Nov 02
TV ODDITIES AND VARIETIES by Alex J. Socorro  |  Posted in Articles  |  on Tue, Nov 2, 2010

The primary purpose of television is for entertainment – viewers are treated to different shows, from movies, soaps and variety shows.

Movies have been with us for a century. It is a time-tested medium for entertainment. Soaps, in the genre of movies but made for television, seem to be the bread and butter of primetime TV nowadays.

Variety shows provide sheer entertainment to TV viewers particularly those with games and contests. The viewers are titillated, not only with the thrill of winning but also with the prizes won by studio contestants and home partners as well.

The avalanche of prizes made Willie Revillame and his Wowowee show famous. The legendary Pera O Bayong, shades of Pepe Pimentel’s Kuwarta O Kahon, made countless families happy with showcases of all kinds. The “tawaran portion” never failed to excite the TV viewers.

Now, with TV5, Willie has his new show Willing Willie patterned after his former variety show. And this time, it’s not noontime anymore but primetime hours. However, the essence of winning cash and other prizes steadfastly remains.

No matter if Willing Willie is so bakya with the simple parlor games but it is obvious that people are after the prizes. In fact, the ratings of the first episodes are not far behind with TV Patrol and 24 Oras for Megamanila surveys.

Some veteran writers hinted during the Wowowee days that even a newcomer could host the show because it is not the host that matters but the prizes they give away. And who would not be sympathetic to a show that gives cash doleouts to the studio audience? Willing Willie does that every night.

Eat Bulaga, the longest running variety show, has its own gimmick with the prizes. Aside from their compassion to the studio contestants, they also have home partners. Lately they are concentrating on the remote coverage of a segment.

In their Sugod Bahay Sa Barangay, a selected household is showered with unimaginable prizes like materials for house repairs, kitchen and other showcases or simply food on the table. Add to that the cash of up to but not limited to 50,000 pesos.

Other people in the selected Barangay are given consolation prizes, giving Jose and Wally a Santa Claus image. Sometimes the impromptu contestant has to bring something like viand or a house appliance but sometimes a mere smile could win him a thousand pesos. It is obvious that the cash prize serves as the attractant.

Pilipinas, Win Na Win, the successor of Wowowee has the vestiges of Willie Revillame’s legacy in giving away prizes. Contestants are given the chance to win a bevy of cash and other prizes. And the hosts, like Willie, are considerate to the studio contestants.

For more entertainment value, Eat Bulaga has the Sex Bomb Dancers and EB Babes while Pilipinas, Win Na Win has its dancers too. But in Willing Willie, the WW Girls seem to be an overkill. The whole scene appears like an excerpt of a beer house show where girls clad in scanty two-piece attire are anticipated to show more flesh.

Another overkill of Willing Willie is the girl they call Congrats. She appears on the stage, gyrating with a split as the punchline. And the purpose of her appearance is just to hand in the cash prize to the winning contestant. Other dancers have their own corny spiels.

That’s as far as entertainment is concerned. But these variety shows have no limit to their creativity. They are now gearing to harness the emotions of the viewers. In other words, enough with laughter for it’s now time to cry.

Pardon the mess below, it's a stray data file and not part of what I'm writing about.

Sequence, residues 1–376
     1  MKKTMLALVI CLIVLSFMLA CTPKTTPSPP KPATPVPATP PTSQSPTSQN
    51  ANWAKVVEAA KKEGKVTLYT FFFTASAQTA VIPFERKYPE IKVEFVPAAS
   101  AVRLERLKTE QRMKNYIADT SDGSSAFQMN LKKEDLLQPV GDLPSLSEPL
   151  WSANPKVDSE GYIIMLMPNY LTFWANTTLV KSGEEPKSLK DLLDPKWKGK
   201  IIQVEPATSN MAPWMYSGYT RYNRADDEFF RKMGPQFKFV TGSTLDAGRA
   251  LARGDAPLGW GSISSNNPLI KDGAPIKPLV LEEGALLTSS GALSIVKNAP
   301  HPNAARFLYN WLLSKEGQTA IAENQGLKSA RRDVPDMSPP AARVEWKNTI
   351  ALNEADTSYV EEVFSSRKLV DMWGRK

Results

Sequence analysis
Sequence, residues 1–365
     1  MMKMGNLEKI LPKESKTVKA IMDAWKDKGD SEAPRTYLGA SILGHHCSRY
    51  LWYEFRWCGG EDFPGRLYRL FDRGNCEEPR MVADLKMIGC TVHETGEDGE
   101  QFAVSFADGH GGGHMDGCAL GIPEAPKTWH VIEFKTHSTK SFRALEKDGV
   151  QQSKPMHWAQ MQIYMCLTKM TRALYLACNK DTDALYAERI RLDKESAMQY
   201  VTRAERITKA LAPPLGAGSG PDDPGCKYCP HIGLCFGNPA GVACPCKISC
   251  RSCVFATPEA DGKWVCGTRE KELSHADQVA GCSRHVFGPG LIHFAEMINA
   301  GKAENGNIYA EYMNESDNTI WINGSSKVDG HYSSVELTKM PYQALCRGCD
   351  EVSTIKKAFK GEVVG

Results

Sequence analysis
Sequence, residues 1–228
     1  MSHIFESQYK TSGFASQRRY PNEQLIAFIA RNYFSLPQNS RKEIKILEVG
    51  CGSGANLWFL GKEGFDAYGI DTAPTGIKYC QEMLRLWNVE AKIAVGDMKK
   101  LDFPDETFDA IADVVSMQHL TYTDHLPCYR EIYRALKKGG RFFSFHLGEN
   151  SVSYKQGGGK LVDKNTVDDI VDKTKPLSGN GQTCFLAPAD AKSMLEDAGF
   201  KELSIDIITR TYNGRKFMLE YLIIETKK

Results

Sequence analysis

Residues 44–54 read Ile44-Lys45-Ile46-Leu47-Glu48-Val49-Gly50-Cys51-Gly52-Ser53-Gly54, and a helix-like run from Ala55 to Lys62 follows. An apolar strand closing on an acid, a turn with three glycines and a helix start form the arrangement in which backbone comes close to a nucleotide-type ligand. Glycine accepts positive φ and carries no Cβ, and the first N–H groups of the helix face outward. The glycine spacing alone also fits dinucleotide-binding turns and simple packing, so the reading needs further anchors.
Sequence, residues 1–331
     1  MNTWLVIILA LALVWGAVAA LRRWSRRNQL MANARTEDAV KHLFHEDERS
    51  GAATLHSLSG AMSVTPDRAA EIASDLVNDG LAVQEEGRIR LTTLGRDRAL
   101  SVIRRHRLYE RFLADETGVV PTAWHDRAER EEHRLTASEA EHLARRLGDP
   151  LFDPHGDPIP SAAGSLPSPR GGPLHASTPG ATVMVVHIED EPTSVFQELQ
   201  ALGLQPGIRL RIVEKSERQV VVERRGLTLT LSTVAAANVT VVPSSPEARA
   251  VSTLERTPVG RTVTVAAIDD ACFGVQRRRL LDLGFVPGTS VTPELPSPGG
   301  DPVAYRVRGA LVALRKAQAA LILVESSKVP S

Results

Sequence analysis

An unpleasant side of the variety shows is their exploitation of the people’s poverty. In Willing Willie, contestants are normally poor and it is stated by the host, from time to time, that their mission is to help people. So it is clear that it’s not a variety show anymore but actually a charitable show.

Willie Revillame is the pioneer in preying on the emotions of the contestants. He would give a microphone to the contestant’s companion for the dramatic effect. Then the contestant or the companion, would pay a tribute of sorts with matching tears.

Now, majority of the viewers have the notion that the contestant had to shed tears to deserve a cash handout. Indeed, Willie gives a consolation prize of up to 5 thousand pesos to the contestant with the best showmanship in the crying department.

Not to be outdone, Eat Bulaga is veering toward that direction. In their remote coverage of the poor and the needy, the TV hosts try their best to cultivate the emotions of the lucky family. They have to tell their sob stories before Jose would hand them the cash prize.

In the spirit of the upcoming yuletide season, the Eat Bulaga hosts hand small cash giveaways to kids in their remote coverage. They also watch out for handicapped people or senior citizens with peculiar looks.

Of late, Pilipinas, Win Na Win had come up with its own novelty of a tearjerker. The segment they call Istorya Ng Buhay Mo has 3 contestants telling their sad experiences. Reminiscent of the popular Reyna Ng Vicks on radio, this segment requires a cascade of tears to get the nod of the studio audience via applause.

In one episode of this Istorya Ng Buhay, Rico Puno, the singer and part time comedian, sang Charlie Chaplin’s Smile. Surprisingly, Rico was shedding tears which made one wonder if that act was genuine or perhaps Rico was just riding with the somber mood of the segment.

In this age of reality shows, television is getting out of focus. Or maybe is it just because of the competition? Whatever the reason may be, writers of variety shows should lessen the angst in their thinking. Children are watching the show, remember that.

Comments to this article can be sent to ajsocorro@yahoo.com


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